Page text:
JUJHĀR SIṄGH, SĀHIBZĀDĀ (1691-1705), the second son of Gurū Gobind Siṅgh, was born to Mātā Jītojī āt Anandpur on l4 March 1691. Like his elder brother, Ajīt Siṅgh, he started training in the fighting skills as soon as he started learning the religious texts. In 1699, when he was eight years old, he received the rites of Khālsā initiation. By the time it became necessary to leave Anandpur under the pressure of a besieging host in December 1705, Jujhār Siṅgh, nearing the completion of his fifteenth year, was an experienced young warrior, strong and fearless. He was one of the band that successfully waded through the flooded Sarsā rivulet on horseback and made good their way to Chamkaur by nightfall on 6 December 1705, with the adversary in hot pursuit. With little respite during the night, he participated in the next day's battle warding off assault after assault upon the gaṛhī, the fortified house in which Gurū Gobind Siṅgh had, along with his 40 Sikhs and two sons, taken shelter. As they ran out of ammunition and arrows, Sikhs inside split themselves into batches of five each who would go out one after the other to engage the besiegers in hand-to-hand combat. Jujhār Siṅgh led the last sally towards the end of the day (7 December 1705), and laid down his life fighting near the place where he had earlier seen his elder brother fall. Gurdwārā Qatalgaṛh in Chamkaur Sāhib now marks the site.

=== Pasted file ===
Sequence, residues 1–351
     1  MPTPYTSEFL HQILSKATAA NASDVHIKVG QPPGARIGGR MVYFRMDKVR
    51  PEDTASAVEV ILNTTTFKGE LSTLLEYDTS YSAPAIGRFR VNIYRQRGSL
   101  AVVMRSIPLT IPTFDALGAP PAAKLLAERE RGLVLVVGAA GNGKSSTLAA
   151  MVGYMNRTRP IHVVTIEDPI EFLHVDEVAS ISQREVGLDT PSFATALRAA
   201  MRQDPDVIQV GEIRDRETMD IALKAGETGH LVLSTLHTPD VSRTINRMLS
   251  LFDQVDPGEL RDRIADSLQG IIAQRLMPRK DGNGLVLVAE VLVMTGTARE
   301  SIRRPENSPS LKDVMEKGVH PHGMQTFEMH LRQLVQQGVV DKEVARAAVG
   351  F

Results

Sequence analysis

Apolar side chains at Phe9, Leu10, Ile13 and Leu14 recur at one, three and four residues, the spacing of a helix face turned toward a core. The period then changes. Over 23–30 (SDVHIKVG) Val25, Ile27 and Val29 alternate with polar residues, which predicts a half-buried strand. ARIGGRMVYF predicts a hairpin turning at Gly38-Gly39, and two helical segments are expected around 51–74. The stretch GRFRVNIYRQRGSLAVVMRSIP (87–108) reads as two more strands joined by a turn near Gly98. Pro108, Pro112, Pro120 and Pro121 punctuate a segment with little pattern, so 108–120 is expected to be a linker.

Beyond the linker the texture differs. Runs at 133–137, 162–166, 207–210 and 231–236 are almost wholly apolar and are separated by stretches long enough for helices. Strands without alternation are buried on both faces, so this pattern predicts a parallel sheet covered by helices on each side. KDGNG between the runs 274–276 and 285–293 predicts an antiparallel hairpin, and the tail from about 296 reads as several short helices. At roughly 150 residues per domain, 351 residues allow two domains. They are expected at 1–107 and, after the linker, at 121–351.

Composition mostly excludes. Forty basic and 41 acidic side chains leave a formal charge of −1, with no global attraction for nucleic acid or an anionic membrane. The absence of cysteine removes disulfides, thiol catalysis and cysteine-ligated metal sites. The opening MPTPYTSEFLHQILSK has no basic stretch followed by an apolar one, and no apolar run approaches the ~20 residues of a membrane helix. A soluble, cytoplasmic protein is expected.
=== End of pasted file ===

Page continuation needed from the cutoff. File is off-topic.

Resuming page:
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  3. Giān Singh, Giānī, Panth Prakāsh. Patiala, 1970
  4. Padam, Piārā Siṅgh, Chār Sāhibzāde. Patiala, 1970
  5. Macauliffe, Max Arthur, The Sikh Religion. Oxford, 1909

Shamsher Siṅgh Ashok